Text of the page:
J&M Brown Co. Inc. (JMB), Jamaica Plain, Mass., provided the electrical construction and highly detailed lighting renovations for the Ambassador Theatre Group's (ATG) historic restoration of the Emerson Colonial Theatre in Boston. The eight-month project concluded in June 2018 and involved a full electrical restoration and renovation of the theater.
The renovation of Boston’s legendary venue kept the building’s original 1900 design, while introducing modern back-of-the-house technology and efficiencies. The project, done in collaboration with Elkus Manfredi Architects, Consigli Contracting Co. and the ATG, involved elaborate electrical and lighting renovations. Project Manager Patrick O’Neil and Assistant Project Manager Nelson Barrantes headed the JMB project team, and the IBEW Local No. 103 field crew completed installations.
JMB provided comprehensive relighting for the theater, including cleaning and relamping house fixtures, new aisle/egress lighting fixtures, and new backstage lighting; adding dimming controls to existing lighting fixtures; furnishing and installing customized floor boxes for dedicated power feeds to removable theater seats, which provide power to seat lights; and providing power to theatrical lighting controls. The EC also added lighting to lounge areas around the theater.
The Emerson Colonial now features an upgraded electrical distribution system. JMB conducted a comprehensive survey of the theater’s existing system. While the existing distribution system remained, the contractor installed new distribution systems for power, lighting and audio/video equipment.
Renovating a historic theater provides unique challenges.
“One of the most critical aspects of the project was the care that was required in our electrical work so as to not damage the theater’s antique interior facades, which features highly detailed custom plaster scrolling,” O’Neil said. “The theater features highly decorative original woodwork with historic original lighting fixtures that required significant repair as well as the installation of new circuitry.”
In some ways, the work was the same as renovating an occupied office.
“We show the same respect toward current finishes in an office setting as we did in the theater with restored murals,” O’Neil said. “The planning and preparation was a little more extreme, because we needed to think about all of the different aspects. Could we lean a stepladder against the wall? Should we order scaffolding?”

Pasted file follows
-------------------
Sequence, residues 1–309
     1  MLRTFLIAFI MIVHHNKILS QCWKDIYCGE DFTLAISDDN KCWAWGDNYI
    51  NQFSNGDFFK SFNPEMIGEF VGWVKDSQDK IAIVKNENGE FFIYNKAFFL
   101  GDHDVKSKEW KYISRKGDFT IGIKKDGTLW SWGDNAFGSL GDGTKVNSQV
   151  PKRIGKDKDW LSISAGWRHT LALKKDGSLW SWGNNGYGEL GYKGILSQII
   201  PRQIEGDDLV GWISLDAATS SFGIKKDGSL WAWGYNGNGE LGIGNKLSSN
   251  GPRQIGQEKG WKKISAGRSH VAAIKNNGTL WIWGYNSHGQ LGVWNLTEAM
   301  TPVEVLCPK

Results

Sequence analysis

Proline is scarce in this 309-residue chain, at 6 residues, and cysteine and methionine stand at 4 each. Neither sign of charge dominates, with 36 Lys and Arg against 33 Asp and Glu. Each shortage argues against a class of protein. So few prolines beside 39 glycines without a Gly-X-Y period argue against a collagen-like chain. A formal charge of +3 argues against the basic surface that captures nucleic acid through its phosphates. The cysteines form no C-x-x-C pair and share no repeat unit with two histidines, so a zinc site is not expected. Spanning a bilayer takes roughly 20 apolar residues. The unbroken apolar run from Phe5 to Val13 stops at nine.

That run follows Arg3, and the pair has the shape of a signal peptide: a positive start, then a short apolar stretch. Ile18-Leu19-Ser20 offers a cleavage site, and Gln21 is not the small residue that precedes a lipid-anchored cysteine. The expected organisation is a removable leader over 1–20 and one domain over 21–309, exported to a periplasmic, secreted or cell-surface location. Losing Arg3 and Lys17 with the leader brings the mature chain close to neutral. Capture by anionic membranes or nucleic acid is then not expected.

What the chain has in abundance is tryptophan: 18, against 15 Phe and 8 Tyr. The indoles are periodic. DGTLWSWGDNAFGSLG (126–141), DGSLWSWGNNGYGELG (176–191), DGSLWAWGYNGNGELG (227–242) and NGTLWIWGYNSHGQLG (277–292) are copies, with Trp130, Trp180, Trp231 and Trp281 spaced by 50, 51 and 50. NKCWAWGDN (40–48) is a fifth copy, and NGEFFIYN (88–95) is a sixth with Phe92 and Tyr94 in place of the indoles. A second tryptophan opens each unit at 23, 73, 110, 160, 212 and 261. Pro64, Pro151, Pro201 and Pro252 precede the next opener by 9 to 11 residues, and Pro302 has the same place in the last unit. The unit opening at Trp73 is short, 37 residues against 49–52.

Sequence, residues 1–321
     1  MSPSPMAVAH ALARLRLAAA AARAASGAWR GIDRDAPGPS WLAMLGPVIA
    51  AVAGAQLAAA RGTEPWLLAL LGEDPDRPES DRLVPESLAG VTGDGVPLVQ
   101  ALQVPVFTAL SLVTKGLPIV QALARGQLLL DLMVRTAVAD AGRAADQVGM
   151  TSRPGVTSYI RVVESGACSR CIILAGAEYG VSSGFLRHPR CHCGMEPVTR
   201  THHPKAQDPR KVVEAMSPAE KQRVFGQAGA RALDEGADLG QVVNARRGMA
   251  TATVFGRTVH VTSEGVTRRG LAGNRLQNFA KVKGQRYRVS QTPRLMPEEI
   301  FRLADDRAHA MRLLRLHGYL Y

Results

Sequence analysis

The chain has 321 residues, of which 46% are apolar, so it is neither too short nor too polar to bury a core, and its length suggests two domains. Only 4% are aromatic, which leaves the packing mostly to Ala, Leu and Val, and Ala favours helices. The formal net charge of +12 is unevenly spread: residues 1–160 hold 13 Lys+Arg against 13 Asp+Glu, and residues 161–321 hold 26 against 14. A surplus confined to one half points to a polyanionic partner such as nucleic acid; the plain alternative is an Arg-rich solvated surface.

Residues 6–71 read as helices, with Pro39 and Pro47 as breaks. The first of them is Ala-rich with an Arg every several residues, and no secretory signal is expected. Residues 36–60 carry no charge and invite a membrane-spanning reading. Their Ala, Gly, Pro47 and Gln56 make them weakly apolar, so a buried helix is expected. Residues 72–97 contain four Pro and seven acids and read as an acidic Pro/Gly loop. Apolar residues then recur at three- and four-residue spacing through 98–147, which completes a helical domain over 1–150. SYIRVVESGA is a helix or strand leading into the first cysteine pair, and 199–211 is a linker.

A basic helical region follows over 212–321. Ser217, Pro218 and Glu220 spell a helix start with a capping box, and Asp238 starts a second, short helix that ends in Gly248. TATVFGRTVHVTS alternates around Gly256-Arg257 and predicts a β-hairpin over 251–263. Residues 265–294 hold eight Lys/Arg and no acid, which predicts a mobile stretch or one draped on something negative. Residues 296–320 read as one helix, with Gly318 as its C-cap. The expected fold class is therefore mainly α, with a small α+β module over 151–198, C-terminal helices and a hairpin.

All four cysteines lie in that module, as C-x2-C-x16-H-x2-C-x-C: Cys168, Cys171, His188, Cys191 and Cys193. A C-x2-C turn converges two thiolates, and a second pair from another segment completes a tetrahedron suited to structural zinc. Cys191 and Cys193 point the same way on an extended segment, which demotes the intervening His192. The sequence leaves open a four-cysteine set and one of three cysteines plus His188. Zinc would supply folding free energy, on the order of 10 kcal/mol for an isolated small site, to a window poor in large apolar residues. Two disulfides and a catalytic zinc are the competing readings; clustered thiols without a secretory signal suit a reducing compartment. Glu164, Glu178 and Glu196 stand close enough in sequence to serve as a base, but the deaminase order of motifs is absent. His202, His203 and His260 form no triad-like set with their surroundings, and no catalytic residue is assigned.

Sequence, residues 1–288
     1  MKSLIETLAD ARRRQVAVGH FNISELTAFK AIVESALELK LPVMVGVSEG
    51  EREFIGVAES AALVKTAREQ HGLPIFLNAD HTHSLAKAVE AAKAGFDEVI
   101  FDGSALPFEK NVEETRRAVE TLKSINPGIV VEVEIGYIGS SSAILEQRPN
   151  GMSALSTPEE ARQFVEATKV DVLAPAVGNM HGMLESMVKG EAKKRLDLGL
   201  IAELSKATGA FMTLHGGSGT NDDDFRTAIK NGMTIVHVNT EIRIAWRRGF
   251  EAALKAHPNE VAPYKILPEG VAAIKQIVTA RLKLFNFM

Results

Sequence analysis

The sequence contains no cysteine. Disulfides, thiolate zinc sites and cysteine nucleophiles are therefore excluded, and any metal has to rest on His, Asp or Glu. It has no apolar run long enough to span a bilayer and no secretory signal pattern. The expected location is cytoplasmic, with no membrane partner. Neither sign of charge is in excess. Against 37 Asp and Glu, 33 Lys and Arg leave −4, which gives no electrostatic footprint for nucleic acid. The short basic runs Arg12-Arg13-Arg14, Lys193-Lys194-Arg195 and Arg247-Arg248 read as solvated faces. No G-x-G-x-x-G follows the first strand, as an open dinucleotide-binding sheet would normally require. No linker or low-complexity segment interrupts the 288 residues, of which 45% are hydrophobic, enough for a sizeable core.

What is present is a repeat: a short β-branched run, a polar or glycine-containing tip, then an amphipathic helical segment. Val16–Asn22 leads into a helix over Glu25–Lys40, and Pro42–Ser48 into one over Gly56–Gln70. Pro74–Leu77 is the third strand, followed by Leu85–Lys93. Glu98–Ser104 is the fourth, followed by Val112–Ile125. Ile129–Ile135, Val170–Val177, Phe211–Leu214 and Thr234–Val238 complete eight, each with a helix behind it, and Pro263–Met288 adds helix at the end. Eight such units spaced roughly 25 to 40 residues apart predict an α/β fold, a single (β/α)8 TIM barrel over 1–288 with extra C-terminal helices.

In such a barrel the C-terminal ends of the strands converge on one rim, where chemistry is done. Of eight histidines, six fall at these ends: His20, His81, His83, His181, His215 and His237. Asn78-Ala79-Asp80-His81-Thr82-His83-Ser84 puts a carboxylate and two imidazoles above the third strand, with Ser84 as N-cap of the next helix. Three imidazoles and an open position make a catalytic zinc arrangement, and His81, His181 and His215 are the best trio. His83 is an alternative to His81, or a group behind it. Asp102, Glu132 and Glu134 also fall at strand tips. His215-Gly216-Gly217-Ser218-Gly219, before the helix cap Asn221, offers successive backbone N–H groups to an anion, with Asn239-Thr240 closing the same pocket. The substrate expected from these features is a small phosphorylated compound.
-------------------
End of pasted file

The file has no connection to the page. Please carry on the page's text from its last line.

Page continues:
For instance, to relamp and rewire historic chandeliers, JMB lowered them on hoists from the ceiling above the theatrical seating area. They repaired the lamp holders and sockets, replaced spliced or degraded wiring and upgraded the lamps to LEDs. The 58 ring-lights surrounding the chandeliers were also rewired and relamped.
The theater also received a new marquee. JMB installed new power circuitry for LCD screens on the marquee and a GSMAT “Smart Glass” exterior display screen above it, which is the same technology seen in signs on the buildings in Times Square. Additional lighting included furnishing and installing multiple fixtures in the marquee to project light above and below the theater’s entrance and custom-made exit signs.
“We had to visit the structural steel of the marquee before it came to the site, so we could install our wiring and pathways, because we would not have had an opportunity to do so once it was welded into place,” O’Neil said.
To upgrade the theater’s existing audio/video systems, JMB installed a new speaker system with raceways and wiring running to the stage, backstage, back-of-house and front-of-house areas. The speaker system also connects back to multiple audio/video network rack locations. The EC kept the footprint of the previous audio/video system, so the theater can use the previous distribution power.
JMB also installed new life safety equipment, in order to integrate it into the overall layout and have minimal impact on theatrical operations. JMB had already upgraded the theater’s fire alarm system five years earlier. O’Neil worked on both theater projects.
ATG entered into a long-term lease agreement with Emerson College to complete capital improvements for the theater. The college will operate Emerson Colonial Theatre and invest several million dollars in upgrades.
The first performance after the theater’s renovations was a pre-Broadway engagement of Moulin Rouge! The Musical in June.